Preparing for a Winter Harvest

-“Four Season Harvest” was a very intriguing book, anFour Season Harvest - Eliot Colemand I really need to go back and re-read it now that I have almost a full season of gardening completed. His concept in the book is not to garden in the winter, but to plant enough to harvest through the winter, and to protect it from the weather. I will only be able to prepare part of my garden for this now – as always, I will see how this first time goes and adjust next year.

The first part of a winter harvest is planning. Reading the book was a bit overwhelming and the concepts sort of just floated in the clouds of my brain…. how was I to practically do this? How do I plan this out? Well, I received an email from Johnny’s Seeds with a link to their winter growing guide. The basic guideline for to have plants that are at least 75% mature by the time light drops below 10 hours a day. Eliot calls this as the “Persephone Period”, referring to mythology where Persephone was taken by Hades as his wife and had to live with him for three months of the year (something like that). The myth tries to explain (or dramatize) why plant growth slows and stops… and then slowly begins again.

So, that 75% was exactly what my analytical mind needed. That, and my excel spreadsheet that I built to calculate seed to harvest dates. I added a column that took the seed to harvest time (say, 60 days), and calculated 75% of that (45 days). Then I just added that to the day the seeds go into soil! Wow, Empowerment!

So, below is a picture of my schedule. The Persephone period is plus/minus 6 weeks on either side of the Winter Solstice, which is December 21st. The makes November 6th my Fall cut off date. The rutabaga may or may not make. The other seeds should be fine. I am also using the sheet to figure out when to plant some other vegetables and when to not bother.

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With my excel sheet, I can select a crop or vegetable and input the start date. It automatically searches some lists to calculate seed sprouting and harvest times. And now, when to get them in for winter harvesting.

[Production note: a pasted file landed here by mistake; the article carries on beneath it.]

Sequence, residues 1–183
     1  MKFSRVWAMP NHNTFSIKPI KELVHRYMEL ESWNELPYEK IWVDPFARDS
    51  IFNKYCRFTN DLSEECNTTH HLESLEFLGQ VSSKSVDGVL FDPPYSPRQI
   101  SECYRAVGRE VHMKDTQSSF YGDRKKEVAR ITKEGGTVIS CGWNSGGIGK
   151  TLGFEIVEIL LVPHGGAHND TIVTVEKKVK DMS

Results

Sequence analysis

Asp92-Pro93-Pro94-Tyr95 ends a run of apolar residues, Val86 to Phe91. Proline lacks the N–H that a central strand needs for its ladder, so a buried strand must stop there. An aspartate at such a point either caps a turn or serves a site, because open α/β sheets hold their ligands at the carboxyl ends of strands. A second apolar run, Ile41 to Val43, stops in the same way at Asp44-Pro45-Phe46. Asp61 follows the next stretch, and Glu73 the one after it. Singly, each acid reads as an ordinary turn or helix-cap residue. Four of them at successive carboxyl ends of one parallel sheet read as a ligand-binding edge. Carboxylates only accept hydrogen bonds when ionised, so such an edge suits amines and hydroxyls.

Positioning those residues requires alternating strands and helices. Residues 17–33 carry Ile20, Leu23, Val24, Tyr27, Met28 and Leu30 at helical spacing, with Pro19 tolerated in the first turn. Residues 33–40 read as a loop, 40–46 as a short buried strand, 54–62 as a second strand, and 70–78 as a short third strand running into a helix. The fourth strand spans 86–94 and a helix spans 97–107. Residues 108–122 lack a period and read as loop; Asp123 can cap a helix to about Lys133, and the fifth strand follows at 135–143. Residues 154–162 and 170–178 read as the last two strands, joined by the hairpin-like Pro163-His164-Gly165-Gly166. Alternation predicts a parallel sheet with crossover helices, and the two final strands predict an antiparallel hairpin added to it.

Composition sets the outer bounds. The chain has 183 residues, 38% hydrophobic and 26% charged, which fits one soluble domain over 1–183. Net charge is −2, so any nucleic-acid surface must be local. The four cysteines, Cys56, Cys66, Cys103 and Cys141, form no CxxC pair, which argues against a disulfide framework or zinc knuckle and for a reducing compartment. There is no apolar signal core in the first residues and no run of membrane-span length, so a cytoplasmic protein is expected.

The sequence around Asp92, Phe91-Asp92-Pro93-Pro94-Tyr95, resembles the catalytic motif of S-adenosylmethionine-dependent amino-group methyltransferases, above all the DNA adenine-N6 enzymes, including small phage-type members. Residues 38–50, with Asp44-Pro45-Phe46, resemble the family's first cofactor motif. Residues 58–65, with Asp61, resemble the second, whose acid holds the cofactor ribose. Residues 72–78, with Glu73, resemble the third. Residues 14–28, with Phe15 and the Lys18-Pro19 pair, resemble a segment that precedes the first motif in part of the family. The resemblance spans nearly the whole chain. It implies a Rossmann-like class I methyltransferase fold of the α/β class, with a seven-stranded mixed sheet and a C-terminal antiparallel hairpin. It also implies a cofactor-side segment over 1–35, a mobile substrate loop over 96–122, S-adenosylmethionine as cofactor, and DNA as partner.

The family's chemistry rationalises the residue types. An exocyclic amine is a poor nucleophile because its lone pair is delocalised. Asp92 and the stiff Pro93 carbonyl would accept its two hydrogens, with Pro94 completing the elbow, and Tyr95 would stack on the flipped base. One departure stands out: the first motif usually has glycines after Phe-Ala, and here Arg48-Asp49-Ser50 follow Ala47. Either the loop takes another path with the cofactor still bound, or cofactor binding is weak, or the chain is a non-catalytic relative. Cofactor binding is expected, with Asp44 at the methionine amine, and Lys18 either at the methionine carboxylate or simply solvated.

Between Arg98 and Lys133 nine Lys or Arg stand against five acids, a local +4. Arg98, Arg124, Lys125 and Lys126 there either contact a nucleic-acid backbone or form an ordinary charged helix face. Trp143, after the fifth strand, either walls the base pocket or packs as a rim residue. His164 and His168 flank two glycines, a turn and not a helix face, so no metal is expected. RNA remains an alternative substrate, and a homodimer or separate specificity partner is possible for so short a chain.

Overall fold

I am going to use my greenhouse (um, duh) to protect as much of my plants as possible, especially greens. I built a bench this past weekend, and I am very proud of it! I just did a google search and found a few that I liked, did some measurements and hammered away. I am using it for seed starts now. For spring, I will probably build another wider one for the large amounts of seed starting I will do, but in the mean time, I am going to use the ground for lettuce, mache, greens, arugula. I have never had mache (corn salad) and I am very interested in tasting it!

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My new sturdy greenhouse bench!

I get 55 gallon drums free through work, and I used these successfully for potatoes. I am going to cut some more down so that I basically have a small one foot tall raised bed. I am going to pack as many of them into the greenhouse that I can fit and get greens going. The beauty in this: the greens (technically) won’t spoil. They will grow, slow down, hibernate. I come along in December, and January, and February and harvest them. Munch, munch, munch! I say technically because I have never done this and last Christmas it was 60 degrees outside. Not the same as Maine, where Eliot does his winter gardening!

Also, I am going to fill the containers I used for potatoes back with soil and just go crazy planting more carrots. These I will leave outside the greenhouse, and can mulch them with some straw. Seeds are cheap and I think this will be a great experiment, and would be wonderful to eat with the greens!

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